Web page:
Pope John Paul's Theology of the Body catecheses has garnered tremendous popularity in theological and catechetical circles. Students of the Theology of the Body have generally interpreted it as innovative not only in its presentation of the Church's teaching on marriage and sexuality, but also as radically advancing that teaching. Aquinas and the Theology of the Body offers a somewhat different interpretation. Fr. Thomas Petri argues that the philosophy and theology of Thomas Aquinas substantially contributed to John Paul's intellectual formation, which he never abandoned. A correct interpretation of the Theology of the Body requires, therefore, a thorough understanding of Thomistic anthropology and theology, which has been mostly lacking in commentaries on the pope's important contributions on the subject of marriage and sexuality.
After offering an historical narrative describing the gradual departure from the theology of Thomas Aquinas, which led to a deficient theological method in the early twentieth century as implicated in the debates surrounding birth control, Aquinas and the Theology of the Body then surveys John Paul's pre-pontifical work. A thorough examination of the late pope's corpus reveals a definite respect for Aquinas even as he was intrigued by the consciousness-based school of phenomenology. In his many defenses of Humanae Vitae, John Paul II argued that since the human body represents the person to the world, the body speaks a certain language and has an inherent spousal meaning. While John Paul II did not offer any positive reference to Aquinas in his Theology of the Body catecheses, he did in other works. Finally, this study explores Aquinas's mature work, comparing and contrasting it with John Paul II's, to conclude that the Angelic Doctor's metaphysical anthropology provided the foundation for John Paul II's notion of the spousal meaning of the body, which is a seminal concept articulated in the Theology of the Body catecheses.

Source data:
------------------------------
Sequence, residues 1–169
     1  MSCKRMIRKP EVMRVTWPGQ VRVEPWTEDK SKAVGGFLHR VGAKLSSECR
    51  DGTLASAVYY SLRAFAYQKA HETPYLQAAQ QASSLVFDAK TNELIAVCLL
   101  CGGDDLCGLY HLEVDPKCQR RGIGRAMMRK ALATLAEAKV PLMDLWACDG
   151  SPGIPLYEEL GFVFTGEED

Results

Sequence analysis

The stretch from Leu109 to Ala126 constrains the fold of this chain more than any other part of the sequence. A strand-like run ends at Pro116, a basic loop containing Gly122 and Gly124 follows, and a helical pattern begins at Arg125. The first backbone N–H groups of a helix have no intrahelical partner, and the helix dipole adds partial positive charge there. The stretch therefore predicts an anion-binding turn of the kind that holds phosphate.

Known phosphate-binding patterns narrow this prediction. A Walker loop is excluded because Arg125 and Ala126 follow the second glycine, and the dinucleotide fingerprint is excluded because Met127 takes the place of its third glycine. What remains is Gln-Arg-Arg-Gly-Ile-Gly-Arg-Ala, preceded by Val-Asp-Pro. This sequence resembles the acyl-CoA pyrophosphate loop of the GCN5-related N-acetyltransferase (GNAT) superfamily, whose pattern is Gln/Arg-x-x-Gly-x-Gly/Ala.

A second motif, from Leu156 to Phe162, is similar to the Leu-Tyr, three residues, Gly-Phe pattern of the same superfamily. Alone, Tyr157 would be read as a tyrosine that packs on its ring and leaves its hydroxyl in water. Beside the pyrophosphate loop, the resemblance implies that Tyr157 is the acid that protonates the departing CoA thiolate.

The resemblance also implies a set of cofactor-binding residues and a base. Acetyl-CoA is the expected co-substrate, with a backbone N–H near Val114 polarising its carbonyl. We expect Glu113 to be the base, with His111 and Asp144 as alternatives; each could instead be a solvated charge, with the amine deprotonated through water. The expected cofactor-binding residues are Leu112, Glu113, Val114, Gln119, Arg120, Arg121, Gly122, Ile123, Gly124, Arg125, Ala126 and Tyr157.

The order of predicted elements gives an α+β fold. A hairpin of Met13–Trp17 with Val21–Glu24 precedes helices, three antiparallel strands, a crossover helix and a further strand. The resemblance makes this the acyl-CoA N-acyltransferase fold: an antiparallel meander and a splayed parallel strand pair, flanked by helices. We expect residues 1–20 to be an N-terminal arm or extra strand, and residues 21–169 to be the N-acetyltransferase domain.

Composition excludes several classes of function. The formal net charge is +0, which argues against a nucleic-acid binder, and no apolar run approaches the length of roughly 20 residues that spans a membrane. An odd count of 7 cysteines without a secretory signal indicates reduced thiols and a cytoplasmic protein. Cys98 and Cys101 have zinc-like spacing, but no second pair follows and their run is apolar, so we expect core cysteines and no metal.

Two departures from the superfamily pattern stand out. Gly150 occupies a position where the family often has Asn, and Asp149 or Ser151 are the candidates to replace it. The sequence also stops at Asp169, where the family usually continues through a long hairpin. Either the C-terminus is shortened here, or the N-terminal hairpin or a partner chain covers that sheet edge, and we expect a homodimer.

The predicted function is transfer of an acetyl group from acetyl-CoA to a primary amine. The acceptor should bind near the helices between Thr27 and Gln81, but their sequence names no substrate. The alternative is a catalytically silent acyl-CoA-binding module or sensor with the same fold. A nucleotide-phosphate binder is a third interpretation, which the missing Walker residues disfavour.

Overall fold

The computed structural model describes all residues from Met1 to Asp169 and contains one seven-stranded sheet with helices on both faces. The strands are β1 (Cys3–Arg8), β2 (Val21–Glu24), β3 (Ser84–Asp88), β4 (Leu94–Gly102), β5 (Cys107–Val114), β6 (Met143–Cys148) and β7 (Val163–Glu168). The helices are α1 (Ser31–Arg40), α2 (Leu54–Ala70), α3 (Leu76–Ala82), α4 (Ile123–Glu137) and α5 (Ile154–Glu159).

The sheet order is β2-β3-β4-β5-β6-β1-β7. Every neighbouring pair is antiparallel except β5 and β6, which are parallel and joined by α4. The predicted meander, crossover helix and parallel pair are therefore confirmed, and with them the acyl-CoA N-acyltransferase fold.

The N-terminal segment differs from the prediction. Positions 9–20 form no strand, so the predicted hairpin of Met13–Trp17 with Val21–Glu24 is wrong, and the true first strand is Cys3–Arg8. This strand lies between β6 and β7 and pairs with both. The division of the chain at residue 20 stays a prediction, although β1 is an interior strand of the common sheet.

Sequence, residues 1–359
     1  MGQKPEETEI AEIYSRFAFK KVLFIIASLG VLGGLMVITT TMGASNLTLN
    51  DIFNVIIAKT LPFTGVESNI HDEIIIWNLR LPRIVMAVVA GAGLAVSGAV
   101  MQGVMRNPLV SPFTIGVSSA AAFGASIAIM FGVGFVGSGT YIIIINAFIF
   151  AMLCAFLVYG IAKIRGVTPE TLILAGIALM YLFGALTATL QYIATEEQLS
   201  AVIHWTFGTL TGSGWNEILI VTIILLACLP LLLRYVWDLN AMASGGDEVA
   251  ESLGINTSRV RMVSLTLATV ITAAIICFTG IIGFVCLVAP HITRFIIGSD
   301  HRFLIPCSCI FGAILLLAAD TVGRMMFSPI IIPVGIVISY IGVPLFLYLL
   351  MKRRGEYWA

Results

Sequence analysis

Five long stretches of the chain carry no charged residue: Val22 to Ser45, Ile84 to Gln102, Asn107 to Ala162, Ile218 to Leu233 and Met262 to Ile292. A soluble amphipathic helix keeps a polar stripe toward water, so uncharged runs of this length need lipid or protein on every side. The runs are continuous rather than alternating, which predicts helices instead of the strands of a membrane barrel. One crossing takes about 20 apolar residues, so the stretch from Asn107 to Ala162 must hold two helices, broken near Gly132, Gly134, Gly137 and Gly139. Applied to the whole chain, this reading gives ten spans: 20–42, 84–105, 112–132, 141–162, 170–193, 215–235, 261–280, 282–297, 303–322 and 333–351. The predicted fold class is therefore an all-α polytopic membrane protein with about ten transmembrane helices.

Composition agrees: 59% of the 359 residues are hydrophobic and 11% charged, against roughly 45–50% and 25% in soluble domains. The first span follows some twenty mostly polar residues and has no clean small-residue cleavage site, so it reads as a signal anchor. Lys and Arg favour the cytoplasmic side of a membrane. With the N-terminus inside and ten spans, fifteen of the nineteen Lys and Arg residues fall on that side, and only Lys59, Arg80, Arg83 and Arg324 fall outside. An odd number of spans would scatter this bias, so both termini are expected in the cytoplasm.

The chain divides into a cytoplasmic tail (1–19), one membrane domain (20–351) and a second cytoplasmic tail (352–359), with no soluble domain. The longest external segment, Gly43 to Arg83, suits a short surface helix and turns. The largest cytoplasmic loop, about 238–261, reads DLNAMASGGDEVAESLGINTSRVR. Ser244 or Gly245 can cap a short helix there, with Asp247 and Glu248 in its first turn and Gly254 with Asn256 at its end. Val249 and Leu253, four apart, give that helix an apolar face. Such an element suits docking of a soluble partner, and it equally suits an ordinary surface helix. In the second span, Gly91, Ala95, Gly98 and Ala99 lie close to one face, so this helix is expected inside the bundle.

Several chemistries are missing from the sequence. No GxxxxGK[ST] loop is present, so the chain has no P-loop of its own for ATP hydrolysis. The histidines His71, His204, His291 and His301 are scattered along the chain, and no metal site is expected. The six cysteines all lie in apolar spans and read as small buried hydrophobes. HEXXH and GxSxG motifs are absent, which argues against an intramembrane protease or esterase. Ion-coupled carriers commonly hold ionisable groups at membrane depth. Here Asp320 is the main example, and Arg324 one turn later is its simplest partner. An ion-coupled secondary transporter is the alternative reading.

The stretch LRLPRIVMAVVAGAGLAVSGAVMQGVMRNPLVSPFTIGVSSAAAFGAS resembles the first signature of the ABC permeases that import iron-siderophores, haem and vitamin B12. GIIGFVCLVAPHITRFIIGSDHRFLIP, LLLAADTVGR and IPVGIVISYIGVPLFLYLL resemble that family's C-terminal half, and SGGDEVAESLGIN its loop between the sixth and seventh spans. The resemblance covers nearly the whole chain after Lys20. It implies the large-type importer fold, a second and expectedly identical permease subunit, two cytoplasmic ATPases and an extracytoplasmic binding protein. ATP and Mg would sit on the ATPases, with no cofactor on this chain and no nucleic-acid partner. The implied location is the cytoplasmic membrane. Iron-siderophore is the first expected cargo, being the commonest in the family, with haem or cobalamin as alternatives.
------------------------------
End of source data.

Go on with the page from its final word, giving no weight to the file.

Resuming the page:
While there has been much scholarly study on the philosophy of Pope John Paul II, and of his indebtedness to Aquinas's thought, this is the first book to connect The Theology of the Body with Thomistic ideas.